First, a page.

thank you for pointing that out. The rule is to use "a" before the name of a city, "in" before the name of a Region or a State.

So it's "sono nato a Roma", but "sono nato in Messico" and "sono nato in Sicilia".


We'll have the text fixed as soon as possible!


Valentina

Team ItalianPod101.com

Diana
Wednesday at 02:07 AM
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Ciao!

In grammar section it's written that after "sono nato" and "nascere" we use "a", but in examples we have "sono nato in Italia". Is it an exception?

ItalianPod101.com Verified
Wednesday at 02:51 PM
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Hi larry lillie,


Thank you for posting!


-"Ne" can be used in both questions and answers. At the begin, I always recommend to memorize the sentences where it appears. Later, when you'll be at an intermediate level this will help you understand the grammar rules that lay behind it.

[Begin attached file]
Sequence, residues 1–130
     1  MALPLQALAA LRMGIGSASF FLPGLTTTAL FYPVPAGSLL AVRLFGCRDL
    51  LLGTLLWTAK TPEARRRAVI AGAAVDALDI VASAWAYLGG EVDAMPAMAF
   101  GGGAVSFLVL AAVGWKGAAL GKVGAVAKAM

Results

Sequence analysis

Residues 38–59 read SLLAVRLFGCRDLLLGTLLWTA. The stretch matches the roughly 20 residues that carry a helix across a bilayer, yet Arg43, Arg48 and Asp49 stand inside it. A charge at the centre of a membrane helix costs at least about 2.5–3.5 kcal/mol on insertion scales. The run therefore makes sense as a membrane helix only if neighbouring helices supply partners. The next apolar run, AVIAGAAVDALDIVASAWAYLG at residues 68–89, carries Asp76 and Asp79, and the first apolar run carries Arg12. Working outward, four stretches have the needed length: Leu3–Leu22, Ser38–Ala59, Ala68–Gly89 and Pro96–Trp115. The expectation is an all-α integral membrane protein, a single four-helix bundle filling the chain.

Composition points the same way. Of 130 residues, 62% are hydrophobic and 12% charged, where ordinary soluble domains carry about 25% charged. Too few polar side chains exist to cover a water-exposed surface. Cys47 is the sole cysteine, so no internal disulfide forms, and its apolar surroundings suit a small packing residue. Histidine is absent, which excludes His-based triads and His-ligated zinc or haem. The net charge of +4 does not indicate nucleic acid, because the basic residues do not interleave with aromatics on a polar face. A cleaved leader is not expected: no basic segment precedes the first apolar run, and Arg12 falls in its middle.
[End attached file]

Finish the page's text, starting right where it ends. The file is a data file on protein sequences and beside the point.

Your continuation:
-"Io sono nato a Modena" is correct, as "sono nato" is passato prossimo ("simple past").


I hope this helps!

A presto,

Ofelia

Team ItalianPod101.com

larry lillie
Thursday at 12:36 AM
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In the dialogue it states "Io sono nato a Modena"


I AM born does not seem correct to 'me Should it not be Io era nato a Modena?

larry lillie
Thursday at 12:26 AM
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Regarding".ne" In the dialogue it states, "Ma quanti ne hai comprati?"


I recall readng in a grammar book that "ne" can only be used as an answer to a question.


In the dialogue it is used as part of the question. Who is correct?